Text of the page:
When Ayden Kristmanson and Pietra Kamstra return to classes, they shouldn't have too much trouble putting together a compelling "How I spent my summer" essay.
The soon-to-be Grade 9 students at Whistler Secondary School (WSS) spent the bulk of summer with the U14 Basketball BC provincial program.
Basketball BC officially ran two teams, but the local duo explained the rosters of each were fluid as coaches sought to have the 24 girls learn to play with everyone as opposed to just a select few.
"For the (games) that were closer to home, we split it into three teams, and they were all evenly split," Kristmanson, a small forward, said, noting the talent was roughly evenly distributed. "For Portland and Las Vegas, we had two teams, so we had 12 players on each team.
"Every tournament you were playing with somebody different."
In addition to an early tournament in Coquitlam, the program also brought players to Lynden, Wash., Portland and Las Vegas. At one of the Nevada tournaments, Kamstra's team posted a third-place finish, a strong showing for the program in a competitive summer overall.
"We did pretty well," Kristmanson said.
Both Kamstra and Kristmanson enjoy competing with WSS' Storm, but appreciated the opportunity to work alongside B.C.'s best players, who came from all over — Victoria to Princeton to Prince George.
"Our teammates were all really good and they really pushed me to be better, to perform better," Kamstra, a centre, said. "Every practice was like the real thing."
"When you get all the best players in the province together, all the practices are insane. They're always hard," added Kristmanson, whose father Alan coaches the Storm and was one of four provincial coaches.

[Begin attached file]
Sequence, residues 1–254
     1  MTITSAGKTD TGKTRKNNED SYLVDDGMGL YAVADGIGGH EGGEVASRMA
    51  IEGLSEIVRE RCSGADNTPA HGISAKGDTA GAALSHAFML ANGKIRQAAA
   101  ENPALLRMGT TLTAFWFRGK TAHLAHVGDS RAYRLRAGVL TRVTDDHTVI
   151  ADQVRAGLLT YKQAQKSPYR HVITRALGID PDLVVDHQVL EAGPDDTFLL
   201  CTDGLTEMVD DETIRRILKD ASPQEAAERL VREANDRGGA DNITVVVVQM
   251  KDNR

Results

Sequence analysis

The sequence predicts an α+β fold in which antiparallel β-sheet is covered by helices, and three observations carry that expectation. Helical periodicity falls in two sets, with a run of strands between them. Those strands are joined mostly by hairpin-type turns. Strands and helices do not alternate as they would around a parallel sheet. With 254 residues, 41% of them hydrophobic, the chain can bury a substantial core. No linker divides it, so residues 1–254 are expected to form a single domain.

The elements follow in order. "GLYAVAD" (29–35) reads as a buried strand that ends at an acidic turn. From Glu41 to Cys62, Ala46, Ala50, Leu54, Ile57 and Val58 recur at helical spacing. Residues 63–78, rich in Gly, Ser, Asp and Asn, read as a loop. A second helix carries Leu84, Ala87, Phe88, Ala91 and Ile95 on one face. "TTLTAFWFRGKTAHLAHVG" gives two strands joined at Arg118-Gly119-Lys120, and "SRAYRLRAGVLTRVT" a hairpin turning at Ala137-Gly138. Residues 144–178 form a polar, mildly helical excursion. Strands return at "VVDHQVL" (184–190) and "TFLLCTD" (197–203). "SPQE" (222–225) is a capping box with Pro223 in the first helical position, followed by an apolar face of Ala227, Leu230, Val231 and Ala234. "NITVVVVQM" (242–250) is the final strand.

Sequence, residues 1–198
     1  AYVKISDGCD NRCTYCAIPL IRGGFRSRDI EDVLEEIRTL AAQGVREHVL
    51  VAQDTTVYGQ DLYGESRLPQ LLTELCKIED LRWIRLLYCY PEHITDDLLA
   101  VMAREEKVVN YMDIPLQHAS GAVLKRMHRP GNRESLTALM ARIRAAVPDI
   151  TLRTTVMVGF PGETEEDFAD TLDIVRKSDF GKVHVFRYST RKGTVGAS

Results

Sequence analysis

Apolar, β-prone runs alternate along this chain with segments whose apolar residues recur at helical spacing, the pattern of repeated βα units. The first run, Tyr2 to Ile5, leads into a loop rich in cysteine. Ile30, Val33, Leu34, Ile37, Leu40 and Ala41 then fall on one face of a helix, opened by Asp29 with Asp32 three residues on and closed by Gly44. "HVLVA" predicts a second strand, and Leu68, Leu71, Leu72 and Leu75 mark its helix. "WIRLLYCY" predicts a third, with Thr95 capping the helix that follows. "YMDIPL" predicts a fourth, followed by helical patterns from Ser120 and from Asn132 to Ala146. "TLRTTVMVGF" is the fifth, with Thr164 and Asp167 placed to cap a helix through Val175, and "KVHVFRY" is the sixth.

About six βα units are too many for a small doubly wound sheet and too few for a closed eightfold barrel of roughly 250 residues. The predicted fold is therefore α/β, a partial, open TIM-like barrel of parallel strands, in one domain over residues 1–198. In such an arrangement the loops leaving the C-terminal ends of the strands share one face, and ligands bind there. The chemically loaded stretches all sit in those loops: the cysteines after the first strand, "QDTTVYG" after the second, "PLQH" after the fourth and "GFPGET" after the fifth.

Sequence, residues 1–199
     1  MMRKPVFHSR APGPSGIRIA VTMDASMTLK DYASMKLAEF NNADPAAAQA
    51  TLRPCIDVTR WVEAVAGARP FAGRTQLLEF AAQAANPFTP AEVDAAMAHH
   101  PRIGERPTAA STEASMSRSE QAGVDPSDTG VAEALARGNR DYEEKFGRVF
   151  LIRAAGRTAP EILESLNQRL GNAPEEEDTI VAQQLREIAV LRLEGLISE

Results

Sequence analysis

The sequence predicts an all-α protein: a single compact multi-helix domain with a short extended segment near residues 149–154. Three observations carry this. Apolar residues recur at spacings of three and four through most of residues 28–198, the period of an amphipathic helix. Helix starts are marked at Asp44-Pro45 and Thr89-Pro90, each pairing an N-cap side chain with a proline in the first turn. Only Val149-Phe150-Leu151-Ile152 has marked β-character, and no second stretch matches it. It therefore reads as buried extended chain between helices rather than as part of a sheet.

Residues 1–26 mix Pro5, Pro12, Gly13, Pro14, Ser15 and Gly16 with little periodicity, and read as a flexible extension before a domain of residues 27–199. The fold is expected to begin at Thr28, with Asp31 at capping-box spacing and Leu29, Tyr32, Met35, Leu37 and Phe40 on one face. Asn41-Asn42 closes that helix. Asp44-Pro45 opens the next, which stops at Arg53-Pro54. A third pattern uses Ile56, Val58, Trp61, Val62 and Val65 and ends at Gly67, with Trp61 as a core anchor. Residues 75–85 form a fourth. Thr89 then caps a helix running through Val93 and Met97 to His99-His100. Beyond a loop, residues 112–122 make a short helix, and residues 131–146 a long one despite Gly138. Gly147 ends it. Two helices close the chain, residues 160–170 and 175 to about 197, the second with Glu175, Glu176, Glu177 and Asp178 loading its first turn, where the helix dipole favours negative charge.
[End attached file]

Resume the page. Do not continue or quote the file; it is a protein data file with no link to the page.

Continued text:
Travelling to the United States brought things up another level, as the challengers to the south brought an added layer of hard-nosed play not commonly found here in Canada.
"I realized the first time we went to the U.S. how hard and aggressive the girls there play," Kamstra said.
"It was definitely an eye-opener for our whole team to see the girls in the U.S. that are our age that play like that," Kristmanson added.
The players also appreciated the chance to hear a range of coaching voices, explaining there was a faction that focused on designing plays and developing a plan, while others had expertise in helping the girls read plays and adjust on the fly.
The two were part of a regional team that attended a tournament in Vancouver in the spring in the hopes of catching the team's eye. Both did and were invited to tryouts where they made the team.
"I didn't even think I would make it to tryouts," Kamstra admitted. "I thought we were good, but I knew a lot of other good girls.
"I didn't feel any pressure, really."
With four years of high school ball still ahead of them, any rigid decisions on their respective futures are still off in the distance for both. Both said they hope to be part of the provincial program for years to come, but Kamstra isn't yet sure about what she'll want to do afterward. Kristmanson, meanwhile, is open to the idea of trying to parlay her skills into a post-secondary scholarship.
"I think I want to play university basketball, but I'm really not quite sure yet. I haven't really thought about it too much," she said. "Basketball's pretty important to me, so I'd like to keep it a part of my life."